Franz was reportedly 8 months old. If that age is accurate, he was born about six months after his father left Germany. The mother, Anna Katherine, would have died in the fall of 1889 when he was born, after her husband left for America. I have not found either a birth or a death record at this point. Some records have survived, but most are not online at this time.
Finally, a year later, Pauline’s mother, Mary Katherine, arrived in Baltimore on her own.
“Marie Richartz, servant,” is listed as 17 on the passenger list. From birth and death records that indicate she was born in November of 1875, I believe she was more likely 15. Once again, the manifest shows more than 1000 steerage passengers on the ship. As yet, we have no record of a communion or other event that would have kept her in Germany. Many Catholic church records survive for Dusseldorf, but they are mostly deaths and marriages, and not available online. In any case, she did arrive in Maryland and she was headed to Indiana.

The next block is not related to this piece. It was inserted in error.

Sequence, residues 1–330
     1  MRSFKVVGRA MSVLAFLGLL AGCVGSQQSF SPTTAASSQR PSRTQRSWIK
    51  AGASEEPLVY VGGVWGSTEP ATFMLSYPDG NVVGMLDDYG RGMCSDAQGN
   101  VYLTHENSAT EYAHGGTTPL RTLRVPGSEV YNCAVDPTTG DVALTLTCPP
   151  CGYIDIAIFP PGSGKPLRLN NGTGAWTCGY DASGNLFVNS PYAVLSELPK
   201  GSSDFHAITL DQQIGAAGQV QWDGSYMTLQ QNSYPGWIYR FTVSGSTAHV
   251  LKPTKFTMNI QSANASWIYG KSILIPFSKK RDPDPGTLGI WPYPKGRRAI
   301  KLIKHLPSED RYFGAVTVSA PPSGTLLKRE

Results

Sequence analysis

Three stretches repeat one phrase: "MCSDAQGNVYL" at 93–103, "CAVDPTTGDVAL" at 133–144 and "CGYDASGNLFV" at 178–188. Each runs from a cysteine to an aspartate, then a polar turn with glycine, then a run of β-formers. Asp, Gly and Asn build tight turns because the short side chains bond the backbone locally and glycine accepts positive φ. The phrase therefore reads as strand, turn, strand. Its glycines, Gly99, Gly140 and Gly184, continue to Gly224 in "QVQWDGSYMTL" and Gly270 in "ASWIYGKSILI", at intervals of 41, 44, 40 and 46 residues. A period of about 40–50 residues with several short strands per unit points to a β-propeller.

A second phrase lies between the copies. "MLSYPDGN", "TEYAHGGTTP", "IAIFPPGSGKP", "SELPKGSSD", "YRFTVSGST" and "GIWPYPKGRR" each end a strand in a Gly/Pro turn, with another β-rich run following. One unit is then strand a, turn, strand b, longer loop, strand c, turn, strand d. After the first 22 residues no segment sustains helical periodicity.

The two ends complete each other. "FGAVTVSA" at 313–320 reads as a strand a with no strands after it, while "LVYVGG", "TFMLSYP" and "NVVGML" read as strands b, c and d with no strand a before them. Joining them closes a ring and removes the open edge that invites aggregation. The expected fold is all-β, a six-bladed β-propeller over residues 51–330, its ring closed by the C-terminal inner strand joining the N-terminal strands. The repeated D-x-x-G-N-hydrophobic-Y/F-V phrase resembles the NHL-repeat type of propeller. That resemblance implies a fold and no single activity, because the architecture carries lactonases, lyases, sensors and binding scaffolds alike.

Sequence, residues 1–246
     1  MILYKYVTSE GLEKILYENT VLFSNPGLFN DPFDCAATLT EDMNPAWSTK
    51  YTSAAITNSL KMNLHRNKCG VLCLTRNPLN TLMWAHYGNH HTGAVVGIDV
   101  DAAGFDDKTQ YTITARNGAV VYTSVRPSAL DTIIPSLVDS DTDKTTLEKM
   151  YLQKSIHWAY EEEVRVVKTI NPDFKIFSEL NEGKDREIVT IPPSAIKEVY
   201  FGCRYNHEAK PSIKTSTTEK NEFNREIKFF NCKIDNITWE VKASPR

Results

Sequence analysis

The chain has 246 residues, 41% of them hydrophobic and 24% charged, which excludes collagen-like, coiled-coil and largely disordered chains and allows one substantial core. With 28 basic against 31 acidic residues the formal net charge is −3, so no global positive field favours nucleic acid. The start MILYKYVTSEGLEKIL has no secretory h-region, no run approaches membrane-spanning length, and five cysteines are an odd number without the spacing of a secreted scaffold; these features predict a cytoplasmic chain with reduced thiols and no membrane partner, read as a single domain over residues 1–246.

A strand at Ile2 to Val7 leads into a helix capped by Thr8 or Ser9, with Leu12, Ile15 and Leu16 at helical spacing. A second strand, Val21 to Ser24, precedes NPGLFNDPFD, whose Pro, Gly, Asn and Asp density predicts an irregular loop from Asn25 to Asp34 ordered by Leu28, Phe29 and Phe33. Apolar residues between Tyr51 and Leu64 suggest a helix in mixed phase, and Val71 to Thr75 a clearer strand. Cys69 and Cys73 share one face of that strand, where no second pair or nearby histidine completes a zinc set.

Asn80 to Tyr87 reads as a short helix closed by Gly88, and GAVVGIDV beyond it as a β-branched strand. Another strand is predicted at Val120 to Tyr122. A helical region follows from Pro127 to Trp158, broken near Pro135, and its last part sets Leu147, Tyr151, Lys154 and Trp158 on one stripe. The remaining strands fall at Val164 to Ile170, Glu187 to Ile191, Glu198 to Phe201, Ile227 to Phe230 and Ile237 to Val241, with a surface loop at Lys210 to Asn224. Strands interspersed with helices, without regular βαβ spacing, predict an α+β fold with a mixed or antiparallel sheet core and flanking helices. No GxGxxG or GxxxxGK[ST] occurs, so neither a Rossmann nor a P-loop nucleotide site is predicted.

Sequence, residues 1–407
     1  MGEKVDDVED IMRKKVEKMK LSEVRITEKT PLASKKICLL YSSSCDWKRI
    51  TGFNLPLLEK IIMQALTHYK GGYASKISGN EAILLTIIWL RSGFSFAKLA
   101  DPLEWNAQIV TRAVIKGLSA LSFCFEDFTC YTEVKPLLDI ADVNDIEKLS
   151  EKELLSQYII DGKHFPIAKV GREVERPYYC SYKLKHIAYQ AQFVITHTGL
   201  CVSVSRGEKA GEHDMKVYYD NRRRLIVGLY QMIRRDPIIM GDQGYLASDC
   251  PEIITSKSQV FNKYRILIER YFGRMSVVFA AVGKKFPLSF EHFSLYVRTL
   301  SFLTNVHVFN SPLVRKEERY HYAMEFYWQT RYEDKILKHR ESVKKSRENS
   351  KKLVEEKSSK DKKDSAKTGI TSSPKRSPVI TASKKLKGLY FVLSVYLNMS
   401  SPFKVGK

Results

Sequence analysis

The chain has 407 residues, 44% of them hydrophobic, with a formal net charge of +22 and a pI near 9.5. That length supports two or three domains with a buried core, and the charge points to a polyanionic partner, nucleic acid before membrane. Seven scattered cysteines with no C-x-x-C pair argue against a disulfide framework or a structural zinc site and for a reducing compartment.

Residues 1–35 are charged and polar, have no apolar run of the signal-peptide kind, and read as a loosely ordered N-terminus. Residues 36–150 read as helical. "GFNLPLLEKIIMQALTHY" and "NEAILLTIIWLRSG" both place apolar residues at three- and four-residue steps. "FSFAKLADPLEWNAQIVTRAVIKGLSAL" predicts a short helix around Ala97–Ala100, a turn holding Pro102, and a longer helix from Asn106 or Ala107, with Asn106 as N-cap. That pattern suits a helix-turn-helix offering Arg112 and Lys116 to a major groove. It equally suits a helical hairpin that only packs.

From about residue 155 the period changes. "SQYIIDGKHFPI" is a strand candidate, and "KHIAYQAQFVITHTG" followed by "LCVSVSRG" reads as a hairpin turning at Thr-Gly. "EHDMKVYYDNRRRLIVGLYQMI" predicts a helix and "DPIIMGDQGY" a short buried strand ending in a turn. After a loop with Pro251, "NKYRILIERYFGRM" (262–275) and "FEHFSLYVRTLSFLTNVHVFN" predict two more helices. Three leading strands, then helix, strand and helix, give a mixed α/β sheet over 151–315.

As for the rest of the story, I haven’t yet located the family with the shoe store in Muncie, but Marie married Archie Wilson there on October 18, 1899. The photograph above was taken while she was still in Terre Haute, probably around 1897.
So did a rocker come over from Germany? Would it have come with the three children in 1890 for the baby to rock in? It seems unlikely, honestly, but I don’t suppose we’ll ever really know. Regardless, the story of these children and their voyage to America is a powerful narrative.